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The role for hepatitis A vaccination in HIV pre-exposure prophylaxis

Ismail, Marwa, F.a; Wong, David, K.a,b; Bogoch, Isaac, I.b,c

doi: 10.1097/QAD.0000000000001742

aDivision of Gastroenterology, Toronto General Hospital, University Health Network

bFaculty of Medicine, University of Toronto

cDivisions of General Internal Medicine and Infectious Diseases, Toronto General Hospital, University Health Network, Toronto, Ontario, Canada.

Correspondence to Dr Isaac I. Bogoch, MD, Divisions of General Internal Medicine and Infectious Diseases, Toronto General Hospital, 14EN- 209, 200 Elizabeth Street, Toronto, ON M5G 2C4, Canada. Fax: +1 416 340 3357;

Received 11 December, 2017

Accepted 13 December, 2017

HIV pre-exposure prophylaxis (PrEP) with combined emtricitabine–tenofovir (FTC/TDF) is an effective HIV prevention modality that significantly reduces the risk for HIV acquisition [1]. Comprehensive guidelines outline how patients evaluated for PrEP should be screened and vaccinated to hepatitis B (HBV) and screened for hepatitis C (HCV); however, hepatitis A (HAV) is not mentioned in these guidelines [2]. Unfortunately, many individuals, including MSM, may be at increased risk of HAV infection.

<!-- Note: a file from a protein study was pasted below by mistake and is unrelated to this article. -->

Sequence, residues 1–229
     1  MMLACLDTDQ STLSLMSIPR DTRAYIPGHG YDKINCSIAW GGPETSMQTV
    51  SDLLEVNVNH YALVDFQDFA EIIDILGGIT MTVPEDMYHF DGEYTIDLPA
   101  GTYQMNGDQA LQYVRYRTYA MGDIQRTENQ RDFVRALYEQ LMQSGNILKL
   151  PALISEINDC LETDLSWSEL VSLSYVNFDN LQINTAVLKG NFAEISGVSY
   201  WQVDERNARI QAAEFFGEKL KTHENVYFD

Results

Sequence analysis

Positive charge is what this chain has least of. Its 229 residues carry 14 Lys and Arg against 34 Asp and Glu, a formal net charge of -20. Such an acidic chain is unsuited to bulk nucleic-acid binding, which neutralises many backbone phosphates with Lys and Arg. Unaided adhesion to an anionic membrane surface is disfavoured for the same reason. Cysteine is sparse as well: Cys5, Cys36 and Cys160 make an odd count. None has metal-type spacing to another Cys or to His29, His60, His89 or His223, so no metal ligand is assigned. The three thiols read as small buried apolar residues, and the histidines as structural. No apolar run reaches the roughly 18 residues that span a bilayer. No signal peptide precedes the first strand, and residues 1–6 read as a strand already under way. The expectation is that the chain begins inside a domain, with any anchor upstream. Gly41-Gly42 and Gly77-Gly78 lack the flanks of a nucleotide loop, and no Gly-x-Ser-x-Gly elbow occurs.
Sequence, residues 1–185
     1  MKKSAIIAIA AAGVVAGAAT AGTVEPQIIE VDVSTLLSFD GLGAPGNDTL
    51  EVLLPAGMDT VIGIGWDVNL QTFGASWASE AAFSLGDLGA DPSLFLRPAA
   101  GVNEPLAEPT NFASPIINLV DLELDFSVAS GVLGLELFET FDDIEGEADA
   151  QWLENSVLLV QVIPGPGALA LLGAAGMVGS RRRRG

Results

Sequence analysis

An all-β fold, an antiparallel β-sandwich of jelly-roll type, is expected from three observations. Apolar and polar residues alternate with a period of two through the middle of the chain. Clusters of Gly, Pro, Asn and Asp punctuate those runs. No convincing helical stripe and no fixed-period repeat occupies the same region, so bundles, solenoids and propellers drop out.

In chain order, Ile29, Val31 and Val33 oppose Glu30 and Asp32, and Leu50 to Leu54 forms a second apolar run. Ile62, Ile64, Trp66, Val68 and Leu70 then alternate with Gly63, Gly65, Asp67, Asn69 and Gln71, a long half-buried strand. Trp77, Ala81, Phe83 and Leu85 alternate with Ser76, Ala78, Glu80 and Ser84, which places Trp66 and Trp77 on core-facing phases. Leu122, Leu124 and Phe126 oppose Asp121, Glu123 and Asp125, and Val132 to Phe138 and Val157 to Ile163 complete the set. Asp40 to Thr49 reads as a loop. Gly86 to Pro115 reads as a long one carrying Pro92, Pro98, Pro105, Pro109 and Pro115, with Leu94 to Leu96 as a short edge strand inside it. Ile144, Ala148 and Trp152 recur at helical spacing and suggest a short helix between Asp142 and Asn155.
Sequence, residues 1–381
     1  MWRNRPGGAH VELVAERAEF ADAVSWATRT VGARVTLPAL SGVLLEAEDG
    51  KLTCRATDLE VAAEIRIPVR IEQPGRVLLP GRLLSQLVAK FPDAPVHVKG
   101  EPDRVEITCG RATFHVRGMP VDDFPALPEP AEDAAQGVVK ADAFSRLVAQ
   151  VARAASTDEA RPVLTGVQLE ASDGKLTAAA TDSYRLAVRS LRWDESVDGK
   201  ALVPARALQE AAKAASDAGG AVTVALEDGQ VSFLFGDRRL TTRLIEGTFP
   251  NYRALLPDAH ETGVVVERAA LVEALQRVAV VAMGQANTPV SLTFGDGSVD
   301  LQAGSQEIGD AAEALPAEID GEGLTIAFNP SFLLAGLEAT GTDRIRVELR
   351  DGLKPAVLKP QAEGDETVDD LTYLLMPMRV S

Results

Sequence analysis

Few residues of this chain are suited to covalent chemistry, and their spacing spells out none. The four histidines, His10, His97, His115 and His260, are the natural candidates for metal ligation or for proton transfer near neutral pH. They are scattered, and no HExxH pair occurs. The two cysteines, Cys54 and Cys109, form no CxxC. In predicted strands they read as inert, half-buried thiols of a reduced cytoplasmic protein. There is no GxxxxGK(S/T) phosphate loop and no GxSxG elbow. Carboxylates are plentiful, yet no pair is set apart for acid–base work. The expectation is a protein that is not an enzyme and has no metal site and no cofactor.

As an illustrative case, we recently cared for an individual with acute HAV infection admitted to our hospital. This 31-year-old man receives routine PrEP care in Toronto, and was sexually active with another man (source patient), who was contacted by Toronto Public Health about a potential HAV exposure at a local restaurant [3]. The source patient was hospitalized with acute HAV prior to our patient's illness. Public health officials offered vaccination for HAV postexposure prophylaxis to the source patient's roommates but not sexual contacts. Our patient suffered from nausea, vomiting, and was jaundiced. During his hospitalization, he had significant elevation in liver enzymes [aspartate aminotransferase (AST) peaking at 5771 U/l, alanine aminotransferase 2611 U/l, international normalized ratio (INR) 1.20, and bilirubin 130 μmol/l]. Serology was consistent with immunity to HBV (via vaccination), and there was no evidence of HCV or HIV acutely or at follow-up.

HAV is transmitted via the fecal–oral route typically following exposure to contaminated food or water, or with sexual exposures. Infection in adulthood typically causes severe acute illness with significant morbidity and low mortality rates [4]. Outbreaks of HAV are sporadic but may affect many individuals [5], placing close contacts and sexual contacts of those exposed at risk for infection. MSM may be at increased risk of HAV infection and recently published Canadian HIV prevention guidelines recommend evaluation for HAV immunity and vaccination in nonimmune individuals [6]. Given the severity of HAV infection and efficacy of vaccination, we suggest that other PrEP guidelines recommend routine evaluation and vaccination for HAV as well.

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Conflicts of interest

There are no conflicts of interest.

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